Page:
Specialized Assessment for Substance Abuse and Mental Health Disorders

For any patient with a history of substance abuse disorder or a co-occurring mental health disorder, specialized assessment and treatment may be necessary. The physician is encouraged to seek consultation, as needed, with pain management, mental health or addiction specialists. The guidelines emphasize that a determination should be made that cannabis use is not masking symptoms of another condition or that cannabis use will lead to the worsening of an underlying condition. 

Physician Conflicts of Interest

California’s Business & Professions Code makes it unlawful for a physician who recommends cannabis for a medical purpose to accept, solicit or offer any form of remuneration from/to a facility if the physician or his/her immediate family has a financial interest in that facility. It is considered unprofessional conduct for the physician to be employed by or enter into any other agreement with any person or entity dispensing cannabis for medical purposes.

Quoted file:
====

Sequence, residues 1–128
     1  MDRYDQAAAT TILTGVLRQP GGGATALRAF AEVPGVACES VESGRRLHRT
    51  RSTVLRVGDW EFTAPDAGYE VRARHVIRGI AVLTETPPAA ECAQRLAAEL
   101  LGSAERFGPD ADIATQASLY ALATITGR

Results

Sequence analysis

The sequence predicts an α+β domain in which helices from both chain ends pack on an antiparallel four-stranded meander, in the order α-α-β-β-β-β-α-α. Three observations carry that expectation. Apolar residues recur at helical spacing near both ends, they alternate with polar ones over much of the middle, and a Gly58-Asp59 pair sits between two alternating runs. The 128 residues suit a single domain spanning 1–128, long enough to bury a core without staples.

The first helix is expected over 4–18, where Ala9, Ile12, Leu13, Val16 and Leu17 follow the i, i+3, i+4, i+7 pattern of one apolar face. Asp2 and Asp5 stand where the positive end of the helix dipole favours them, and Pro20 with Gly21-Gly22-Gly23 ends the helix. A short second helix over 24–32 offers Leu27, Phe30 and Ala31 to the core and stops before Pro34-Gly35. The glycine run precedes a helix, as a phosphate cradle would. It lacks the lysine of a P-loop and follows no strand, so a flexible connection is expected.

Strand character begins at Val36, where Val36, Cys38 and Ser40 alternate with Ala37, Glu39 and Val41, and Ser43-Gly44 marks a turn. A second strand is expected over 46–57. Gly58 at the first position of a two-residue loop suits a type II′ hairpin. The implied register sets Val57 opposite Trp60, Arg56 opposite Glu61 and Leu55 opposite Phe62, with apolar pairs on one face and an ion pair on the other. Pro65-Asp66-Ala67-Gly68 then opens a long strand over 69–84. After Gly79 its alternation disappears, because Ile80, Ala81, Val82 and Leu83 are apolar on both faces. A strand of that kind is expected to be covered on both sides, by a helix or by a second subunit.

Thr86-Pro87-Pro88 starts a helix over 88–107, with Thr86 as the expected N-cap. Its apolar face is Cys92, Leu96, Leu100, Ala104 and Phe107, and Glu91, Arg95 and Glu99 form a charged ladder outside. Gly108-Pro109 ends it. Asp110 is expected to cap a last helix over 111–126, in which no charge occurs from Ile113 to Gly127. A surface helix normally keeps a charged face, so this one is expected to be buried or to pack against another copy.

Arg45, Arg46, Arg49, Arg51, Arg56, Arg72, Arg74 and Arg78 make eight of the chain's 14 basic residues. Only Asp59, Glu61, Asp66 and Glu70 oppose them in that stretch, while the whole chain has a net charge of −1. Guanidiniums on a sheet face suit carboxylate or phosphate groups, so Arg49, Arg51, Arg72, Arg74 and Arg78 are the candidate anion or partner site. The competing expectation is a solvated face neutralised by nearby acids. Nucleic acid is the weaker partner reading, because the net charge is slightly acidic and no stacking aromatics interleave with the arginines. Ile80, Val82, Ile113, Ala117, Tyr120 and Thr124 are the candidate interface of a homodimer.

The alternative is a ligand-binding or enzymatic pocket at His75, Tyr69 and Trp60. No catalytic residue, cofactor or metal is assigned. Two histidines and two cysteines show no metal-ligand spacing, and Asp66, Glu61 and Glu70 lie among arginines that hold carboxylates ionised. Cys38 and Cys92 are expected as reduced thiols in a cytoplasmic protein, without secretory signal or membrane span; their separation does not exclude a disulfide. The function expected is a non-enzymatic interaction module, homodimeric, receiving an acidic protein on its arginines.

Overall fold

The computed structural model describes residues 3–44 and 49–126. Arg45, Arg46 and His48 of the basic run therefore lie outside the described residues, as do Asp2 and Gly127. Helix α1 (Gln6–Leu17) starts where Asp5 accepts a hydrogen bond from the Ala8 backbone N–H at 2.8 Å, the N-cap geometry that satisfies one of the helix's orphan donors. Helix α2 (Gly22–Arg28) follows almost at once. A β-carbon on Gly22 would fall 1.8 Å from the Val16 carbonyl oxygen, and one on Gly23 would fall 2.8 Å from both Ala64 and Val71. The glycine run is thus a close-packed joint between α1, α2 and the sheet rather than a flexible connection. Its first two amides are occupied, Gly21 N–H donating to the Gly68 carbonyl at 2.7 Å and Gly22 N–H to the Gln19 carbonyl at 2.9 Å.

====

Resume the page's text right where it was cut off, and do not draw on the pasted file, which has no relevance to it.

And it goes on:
Risk Management Recommendations for Physicians

Any physician or medical group considering recommending medical cannabis to patients in California should ask several important questions, including whether there is a policy that:

  • Requires a physician-patient relationship to have been established?
  • Requires a medical examination of the patient?